ESP01 and SSD1306 OLED from myiot

September 30, 2018 at 9:59 am (computers) (, , , )

Not sure where I found the link to these, but this is a neat little board from Ian Sexton – see  I ordered four of these and sourced all the parts from ebay.

Here are a few notes on getting them up and running.

  1. You have to be able to hand solder the two capacitors and power regulator SMT devices.  I’d not done this before, so it was a little tricky at first.  No real tips to offer I’m afraid, other than it was worth it, these are really neat boards!
  2. As Ian mentioned, be sure to find an OLED screen labelled VCC-GND-SCL-SDA.  When I was looking, pretty much all of the ones I found were GND-VCC-SCL-SDA.
  3. My displays came with headers pre-soldered, so I couldn’t follow the build order exactly.  Instead using straight 4-pin female headers rather than right angle headers, and then bending them over after solder the OLED on last.
  4. I also found that the ESP01 modules worked best with a small header spacer rather than no spacer as described in Ian’s instructions.  And I added an additional header space to the OLED headers too and used a bit of insulating tape between the OLED and ESP module.
  5. I also found that if I didn’t trim off the ESP 01 module pins, there was still enough of them sticking out that I could still plug them into the 8-pin header of my USB programmer, so actually didn’t need the 5 programming pins included on the board.

The end result for me wasn’t quite as thin as in Ian’s photos, but I is quite a nice compromise between my skills, future usability and utility of the boards.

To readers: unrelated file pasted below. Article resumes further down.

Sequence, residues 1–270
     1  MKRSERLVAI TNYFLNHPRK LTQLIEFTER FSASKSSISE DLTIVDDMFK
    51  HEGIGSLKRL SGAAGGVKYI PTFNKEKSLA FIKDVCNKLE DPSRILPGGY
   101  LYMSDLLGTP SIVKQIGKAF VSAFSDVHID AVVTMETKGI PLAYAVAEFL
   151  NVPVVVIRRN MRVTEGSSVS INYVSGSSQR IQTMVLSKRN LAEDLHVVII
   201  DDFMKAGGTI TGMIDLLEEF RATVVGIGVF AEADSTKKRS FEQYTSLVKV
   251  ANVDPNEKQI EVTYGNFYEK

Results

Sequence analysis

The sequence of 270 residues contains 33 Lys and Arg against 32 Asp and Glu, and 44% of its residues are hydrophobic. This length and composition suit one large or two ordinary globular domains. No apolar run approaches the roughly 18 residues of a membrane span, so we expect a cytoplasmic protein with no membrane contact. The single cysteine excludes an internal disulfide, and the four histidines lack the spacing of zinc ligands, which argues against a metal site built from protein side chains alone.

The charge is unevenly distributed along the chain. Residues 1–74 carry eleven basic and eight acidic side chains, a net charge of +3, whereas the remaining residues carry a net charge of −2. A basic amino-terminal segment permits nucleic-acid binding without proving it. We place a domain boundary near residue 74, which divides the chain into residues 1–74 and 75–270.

When it comes to use, you can use the standard ESP/OLED libraries as described in this blog:

Note however, that this board is wired as follows (which is written on the PCB diagram on Ian’s blog, but it took me a while to find it!):

SCL = GPIO2 (D3 for many ESP boards)
SDA = GPIO0 (D5 for many ESP boards)

These are the opposite way around to most examples in the ssd1306 library.  Also, as I was building for a generic ESP8266, D3 and D5 were not defined anyway, so the example code in, for example, the SSD1306ClockDemo, to initialise the run on the boards was as follows:

// Include the correct display library
// For a connection via I2C using Wire include
#include   // Only needed for Arduino 1.6.5 and earlier
#include "SSD1306Wire.h" // legacy include: #include "SSD1306.h"​ #define SDA 0 // D5 = GPIO0 #define SCL 2 // D3 = GPIO2 // Initialize the OLED display using Wire library SSD1306Wire display(0x3c, SDA, SCL);

In summary, these are really great little boards and the resulting modules I think have a lot of applications.




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